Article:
The first climate change adaptation
The question is how to deal with it.
The Neolithic era may seem like a totally irrelevant subject here, but in fact, climate change was something that people in ancient Korea had to deal with, too.
“About 18,000 years ago, the Earth was the coldest since the evolution of the human species,” Park Jin-il, the curator of the museum’s archaeology and history department, told reporters last week. “It was about 10,000 years ago that the climate we know today was established.”
Korea’s Neolithic Period, according to the Korean Archaeological Society, refers to the period between 10,000 and 3,500 B.C.
As temperatures rose, the fauna and flora also changed. This meant the animals and plants the Neolithic people hunted and gathered changed. As a result, they had to alter their hunting tools and utensils.
Smaller mammals like deer replaced mammoths. And to hunt these smaller mammals, which were much faster, Neolithic people developed bows and arrows. Oak replaced broad-leaf trees, and to eat seeds and nuts, people developed grinding slabs and whetstones.
It all sounds obvious now, but the changes were quite a shock, and the new developments were a revolution, museum organizers say.
“Neolithic people overcame the challenges presented by such changes in the local ecosystem by actively developing survival strategies that utilized a wide range of natural resources,” the museum’s director, Kim Young-na, said.
What makes this exhibition especially interesting are some rare artifacts that are being shown for the first time.
For example, Korea’s first-ever wooden boat was found in Changnyeong County, South Gyeongsang, in 2005. It is being displayed for the first time after a 10-year restoration effort. Made with 200-year-old pine, it measures 310 centimeters (122 inches) by 62 centimeters.
When it was whole, it is believed to have been about 4 meters (13 feet) long. It bears a striking resemblance to modern canoes, Park says, as it was made by hallowing out a tree trunk.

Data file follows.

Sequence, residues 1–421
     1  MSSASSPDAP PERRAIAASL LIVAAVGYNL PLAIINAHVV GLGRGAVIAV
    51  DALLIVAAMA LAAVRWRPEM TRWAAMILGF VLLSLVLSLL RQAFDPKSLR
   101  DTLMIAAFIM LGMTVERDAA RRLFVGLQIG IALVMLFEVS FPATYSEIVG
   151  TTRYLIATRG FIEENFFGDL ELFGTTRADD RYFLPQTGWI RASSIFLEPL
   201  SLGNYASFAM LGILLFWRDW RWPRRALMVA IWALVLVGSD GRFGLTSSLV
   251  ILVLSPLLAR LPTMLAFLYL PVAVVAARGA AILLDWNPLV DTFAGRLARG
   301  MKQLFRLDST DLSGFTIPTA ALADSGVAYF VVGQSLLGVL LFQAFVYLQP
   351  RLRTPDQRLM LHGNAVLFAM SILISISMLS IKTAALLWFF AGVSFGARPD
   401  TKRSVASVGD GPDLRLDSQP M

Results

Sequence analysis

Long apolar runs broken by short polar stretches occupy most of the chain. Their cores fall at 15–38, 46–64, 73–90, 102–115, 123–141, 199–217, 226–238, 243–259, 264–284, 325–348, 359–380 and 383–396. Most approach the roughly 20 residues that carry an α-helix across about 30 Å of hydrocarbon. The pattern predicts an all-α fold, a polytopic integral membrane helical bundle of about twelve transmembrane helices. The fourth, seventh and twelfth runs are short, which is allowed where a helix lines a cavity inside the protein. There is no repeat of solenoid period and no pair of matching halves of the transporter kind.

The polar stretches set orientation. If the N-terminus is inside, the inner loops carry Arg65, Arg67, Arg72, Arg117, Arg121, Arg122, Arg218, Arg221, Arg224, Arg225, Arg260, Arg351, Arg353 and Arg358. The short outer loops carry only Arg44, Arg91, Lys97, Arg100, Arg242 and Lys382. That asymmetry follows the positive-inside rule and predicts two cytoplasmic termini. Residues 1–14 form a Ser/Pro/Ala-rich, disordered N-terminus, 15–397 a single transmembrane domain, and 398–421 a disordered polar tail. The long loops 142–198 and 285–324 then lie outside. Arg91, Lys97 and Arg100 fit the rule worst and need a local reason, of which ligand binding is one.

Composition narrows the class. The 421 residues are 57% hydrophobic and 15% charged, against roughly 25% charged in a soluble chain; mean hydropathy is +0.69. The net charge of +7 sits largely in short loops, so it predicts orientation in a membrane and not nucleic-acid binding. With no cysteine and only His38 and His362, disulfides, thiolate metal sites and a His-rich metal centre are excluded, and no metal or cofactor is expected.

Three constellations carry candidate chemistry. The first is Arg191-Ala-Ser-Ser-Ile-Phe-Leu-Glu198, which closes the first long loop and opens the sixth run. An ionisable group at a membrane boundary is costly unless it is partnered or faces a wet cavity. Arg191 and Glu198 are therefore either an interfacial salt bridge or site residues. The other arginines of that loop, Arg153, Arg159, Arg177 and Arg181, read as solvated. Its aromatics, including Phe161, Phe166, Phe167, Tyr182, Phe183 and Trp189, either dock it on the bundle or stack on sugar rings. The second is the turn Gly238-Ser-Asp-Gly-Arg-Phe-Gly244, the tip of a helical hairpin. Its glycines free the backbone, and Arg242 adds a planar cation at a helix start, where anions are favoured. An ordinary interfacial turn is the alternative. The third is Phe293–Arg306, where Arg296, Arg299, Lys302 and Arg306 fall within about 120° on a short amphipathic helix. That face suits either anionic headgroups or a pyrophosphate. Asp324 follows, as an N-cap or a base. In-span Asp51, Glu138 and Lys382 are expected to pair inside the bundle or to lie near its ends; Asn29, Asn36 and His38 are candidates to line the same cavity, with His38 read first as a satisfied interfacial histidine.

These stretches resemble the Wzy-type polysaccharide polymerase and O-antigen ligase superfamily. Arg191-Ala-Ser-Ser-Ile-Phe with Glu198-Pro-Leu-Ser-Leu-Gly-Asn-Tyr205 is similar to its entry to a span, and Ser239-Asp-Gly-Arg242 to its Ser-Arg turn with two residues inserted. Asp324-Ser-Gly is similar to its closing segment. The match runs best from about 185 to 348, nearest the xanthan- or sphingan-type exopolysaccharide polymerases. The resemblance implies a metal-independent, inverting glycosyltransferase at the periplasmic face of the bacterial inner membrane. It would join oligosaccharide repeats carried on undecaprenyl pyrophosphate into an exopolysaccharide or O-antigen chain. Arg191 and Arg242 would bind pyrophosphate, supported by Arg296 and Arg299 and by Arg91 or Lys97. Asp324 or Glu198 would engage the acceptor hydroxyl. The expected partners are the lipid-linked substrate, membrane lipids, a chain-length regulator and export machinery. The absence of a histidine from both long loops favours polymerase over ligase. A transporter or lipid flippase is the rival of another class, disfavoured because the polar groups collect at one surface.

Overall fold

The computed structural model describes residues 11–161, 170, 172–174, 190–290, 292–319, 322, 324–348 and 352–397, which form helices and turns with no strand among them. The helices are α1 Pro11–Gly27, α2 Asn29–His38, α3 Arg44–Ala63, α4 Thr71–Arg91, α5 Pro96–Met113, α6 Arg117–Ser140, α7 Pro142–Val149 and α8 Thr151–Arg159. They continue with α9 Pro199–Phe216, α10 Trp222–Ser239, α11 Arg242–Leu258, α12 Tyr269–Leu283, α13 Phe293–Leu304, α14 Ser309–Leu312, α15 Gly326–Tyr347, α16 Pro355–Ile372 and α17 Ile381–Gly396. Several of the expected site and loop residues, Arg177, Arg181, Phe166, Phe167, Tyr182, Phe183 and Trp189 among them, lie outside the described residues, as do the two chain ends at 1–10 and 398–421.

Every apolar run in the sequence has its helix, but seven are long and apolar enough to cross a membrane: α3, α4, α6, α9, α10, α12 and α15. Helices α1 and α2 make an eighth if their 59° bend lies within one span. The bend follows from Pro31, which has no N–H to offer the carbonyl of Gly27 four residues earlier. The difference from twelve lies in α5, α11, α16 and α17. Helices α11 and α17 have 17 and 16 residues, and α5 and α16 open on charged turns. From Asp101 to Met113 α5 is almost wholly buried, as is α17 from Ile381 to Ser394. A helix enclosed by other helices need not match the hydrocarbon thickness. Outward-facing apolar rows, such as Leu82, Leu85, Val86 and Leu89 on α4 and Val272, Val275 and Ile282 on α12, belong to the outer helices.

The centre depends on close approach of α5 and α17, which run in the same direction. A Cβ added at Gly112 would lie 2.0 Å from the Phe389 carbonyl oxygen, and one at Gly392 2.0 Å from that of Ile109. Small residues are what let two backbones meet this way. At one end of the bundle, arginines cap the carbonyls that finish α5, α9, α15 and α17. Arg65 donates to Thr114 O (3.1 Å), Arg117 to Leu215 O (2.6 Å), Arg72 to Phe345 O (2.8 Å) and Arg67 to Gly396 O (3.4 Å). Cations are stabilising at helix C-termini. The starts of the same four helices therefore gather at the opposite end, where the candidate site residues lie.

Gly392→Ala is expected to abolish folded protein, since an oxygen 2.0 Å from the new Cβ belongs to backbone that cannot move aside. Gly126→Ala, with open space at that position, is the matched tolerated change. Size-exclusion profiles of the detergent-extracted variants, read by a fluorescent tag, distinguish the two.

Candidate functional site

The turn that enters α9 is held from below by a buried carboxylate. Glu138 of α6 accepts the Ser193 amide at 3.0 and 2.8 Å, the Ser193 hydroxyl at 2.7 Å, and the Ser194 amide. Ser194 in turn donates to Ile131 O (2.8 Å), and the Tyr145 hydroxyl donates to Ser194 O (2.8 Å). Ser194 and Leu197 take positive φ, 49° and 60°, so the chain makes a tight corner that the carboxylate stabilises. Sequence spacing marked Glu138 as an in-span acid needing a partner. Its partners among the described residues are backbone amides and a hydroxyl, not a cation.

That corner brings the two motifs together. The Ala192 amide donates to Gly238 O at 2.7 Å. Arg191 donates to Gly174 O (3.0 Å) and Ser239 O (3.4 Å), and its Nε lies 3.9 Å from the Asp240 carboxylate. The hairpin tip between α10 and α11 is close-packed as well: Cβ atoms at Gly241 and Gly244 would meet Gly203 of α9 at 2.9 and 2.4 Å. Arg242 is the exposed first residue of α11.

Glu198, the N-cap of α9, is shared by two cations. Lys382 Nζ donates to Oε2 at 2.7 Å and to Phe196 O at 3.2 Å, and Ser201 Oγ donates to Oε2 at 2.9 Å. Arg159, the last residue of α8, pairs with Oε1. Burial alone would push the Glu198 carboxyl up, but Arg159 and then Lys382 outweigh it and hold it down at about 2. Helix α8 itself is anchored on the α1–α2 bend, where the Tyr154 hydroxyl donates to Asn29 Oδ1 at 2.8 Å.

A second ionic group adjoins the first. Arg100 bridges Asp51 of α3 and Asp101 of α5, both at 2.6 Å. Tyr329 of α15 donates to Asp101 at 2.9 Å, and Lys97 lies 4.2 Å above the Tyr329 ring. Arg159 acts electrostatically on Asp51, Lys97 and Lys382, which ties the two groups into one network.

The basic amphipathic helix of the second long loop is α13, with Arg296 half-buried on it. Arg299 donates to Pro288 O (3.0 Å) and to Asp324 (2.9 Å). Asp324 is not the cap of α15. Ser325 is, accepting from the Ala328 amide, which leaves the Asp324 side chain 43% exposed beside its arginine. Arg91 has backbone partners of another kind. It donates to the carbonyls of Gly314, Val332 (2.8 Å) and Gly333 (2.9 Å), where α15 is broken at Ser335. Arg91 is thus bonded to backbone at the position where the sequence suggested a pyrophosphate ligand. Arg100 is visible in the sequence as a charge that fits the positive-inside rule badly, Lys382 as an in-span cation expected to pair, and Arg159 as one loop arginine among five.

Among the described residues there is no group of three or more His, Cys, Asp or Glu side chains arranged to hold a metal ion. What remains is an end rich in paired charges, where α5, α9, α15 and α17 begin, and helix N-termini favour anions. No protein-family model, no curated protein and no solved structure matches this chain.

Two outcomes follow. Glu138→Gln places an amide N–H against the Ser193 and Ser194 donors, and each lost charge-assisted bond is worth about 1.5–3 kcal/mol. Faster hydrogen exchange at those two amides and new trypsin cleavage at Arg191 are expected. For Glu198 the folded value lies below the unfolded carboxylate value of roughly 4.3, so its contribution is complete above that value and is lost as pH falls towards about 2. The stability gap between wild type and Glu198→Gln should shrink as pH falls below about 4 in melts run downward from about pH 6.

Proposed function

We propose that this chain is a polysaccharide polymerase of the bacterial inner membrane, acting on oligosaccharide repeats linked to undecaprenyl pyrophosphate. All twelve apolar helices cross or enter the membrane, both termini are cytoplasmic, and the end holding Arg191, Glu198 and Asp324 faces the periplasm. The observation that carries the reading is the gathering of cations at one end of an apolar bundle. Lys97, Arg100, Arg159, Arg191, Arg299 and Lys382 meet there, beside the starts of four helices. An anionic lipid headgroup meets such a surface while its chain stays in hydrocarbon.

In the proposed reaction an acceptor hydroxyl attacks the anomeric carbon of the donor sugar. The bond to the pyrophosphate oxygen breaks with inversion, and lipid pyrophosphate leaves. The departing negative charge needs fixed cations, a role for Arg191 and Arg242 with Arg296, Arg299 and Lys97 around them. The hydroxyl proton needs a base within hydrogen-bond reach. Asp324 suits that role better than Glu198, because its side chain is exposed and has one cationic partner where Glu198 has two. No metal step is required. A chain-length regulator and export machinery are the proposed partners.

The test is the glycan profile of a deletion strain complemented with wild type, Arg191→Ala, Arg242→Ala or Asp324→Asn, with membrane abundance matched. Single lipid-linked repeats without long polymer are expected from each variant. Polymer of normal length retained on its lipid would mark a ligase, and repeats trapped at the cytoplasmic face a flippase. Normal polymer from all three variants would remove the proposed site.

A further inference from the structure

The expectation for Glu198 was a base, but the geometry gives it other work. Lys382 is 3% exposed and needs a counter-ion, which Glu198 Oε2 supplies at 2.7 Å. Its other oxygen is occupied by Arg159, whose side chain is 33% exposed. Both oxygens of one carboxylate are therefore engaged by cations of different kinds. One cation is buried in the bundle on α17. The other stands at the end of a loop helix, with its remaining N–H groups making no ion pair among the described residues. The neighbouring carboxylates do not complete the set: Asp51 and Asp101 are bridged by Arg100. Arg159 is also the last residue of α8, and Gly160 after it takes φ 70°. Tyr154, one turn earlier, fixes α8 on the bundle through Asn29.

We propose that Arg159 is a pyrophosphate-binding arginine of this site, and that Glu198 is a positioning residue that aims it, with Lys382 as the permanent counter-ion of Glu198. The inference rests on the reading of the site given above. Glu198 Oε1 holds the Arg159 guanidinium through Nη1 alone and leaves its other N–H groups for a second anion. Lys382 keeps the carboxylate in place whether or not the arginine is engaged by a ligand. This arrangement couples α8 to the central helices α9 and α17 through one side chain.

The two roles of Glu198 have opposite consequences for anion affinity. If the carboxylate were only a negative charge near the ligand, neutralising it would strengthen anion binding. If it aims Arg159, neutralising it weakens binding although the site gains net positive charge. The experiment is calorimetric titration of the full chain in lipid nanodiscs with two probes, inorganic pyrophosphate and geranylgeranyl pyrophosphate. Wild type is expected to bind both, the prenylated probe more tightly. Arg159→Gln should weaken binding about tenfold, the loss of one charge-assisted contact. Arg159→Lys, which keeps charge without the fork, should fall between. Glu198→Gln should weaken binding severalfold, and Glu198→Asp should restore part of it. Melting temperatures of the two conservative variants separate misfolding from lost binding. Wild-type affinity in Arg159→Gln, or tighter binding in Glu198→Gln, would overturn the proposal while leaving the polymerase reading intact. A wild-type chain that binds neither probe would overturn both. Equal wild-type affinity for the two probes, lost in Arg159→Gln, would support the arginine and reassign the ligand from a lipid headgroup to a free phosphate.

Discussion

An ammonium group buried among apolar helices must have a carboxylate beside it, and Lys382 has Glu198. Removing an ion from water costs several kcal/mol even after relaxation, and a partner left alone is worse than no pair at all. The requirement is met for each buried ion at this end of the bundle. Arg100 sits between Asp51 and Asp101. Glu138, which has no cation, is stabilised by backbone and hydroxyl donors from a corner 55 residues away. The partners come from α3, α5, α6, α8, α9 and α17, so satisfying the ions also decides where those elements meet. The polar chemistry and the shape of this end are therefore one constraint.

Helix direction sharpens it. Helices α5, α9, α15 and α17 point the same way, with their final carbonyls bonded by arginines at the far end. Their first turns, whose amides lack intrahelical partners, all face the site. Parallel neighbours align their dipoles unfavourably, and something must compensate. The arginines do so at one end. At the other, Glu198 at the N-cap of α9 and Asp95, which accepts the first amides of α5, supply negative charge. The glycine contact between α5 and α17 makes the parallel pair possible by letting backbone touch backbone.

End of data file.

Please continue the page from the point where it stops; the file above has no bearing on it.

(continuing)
Korea’s first-ever earthenware, found on Jeju Island last year, is also being displayed as a whole piece for the first time. Many of Korea’s Neolithic artifacts were found on Jeju, Korean archaeologists say. The earthenware is believed to be about 9,600 years old.
Besides presenting how Neolithic Koreans hunted, fished, gathered and cooked, the exhibition also examines their burial customs and artworks - things that warmer weather and abundant food supplies allowed them to focus on.
Tombs of various shapes emerged during the era. And burial items ranged from stone axes and fishing gear to ornaments and accessories.
One of the most interesting artifacts from this sections is the collection of shell bracelets.
In 2010 on Gadeok Island in the southern port city of Busan, archaeologists found a cluster of Neolithic tombs that contained the remains of 48 humans and 100 pieces of pottery, volcanic glass, animal bone and other artifacts.
The cluster turned out to be the largest tomb complex from the third stage of Korea’s Neolithic era, between 6,500 and 5,500 B.C.
It was there that archaeologists found 20 shell bracelets. Shell bracelets had been found in Korean Neolithic tombs in the past but very rarely being worn by the dead. In this case, the shell bracelets were placed on the body, connected so as to form a shell necklace.
The section dedicated to Neolithic art is relatively small and perhaps the only disappointing part of the exhibition. Many of the clay, stone and animal-bone figurines are small, measuring less than 10 centimeters in height. “It is believed that Neolithic people carried the figurines with them,” Park said.
Just like most of artifacts on display, the Neolithic art also shows how ancient people weren’t all that different from people today. The artworks take the shape of a voluptuous woman, a benign-looking human face, a seal or a sea lion, and often represented people’s wishes for prosperity and shelter.
BY KIM HYUNG-EUN [firstname.lastname@example.org]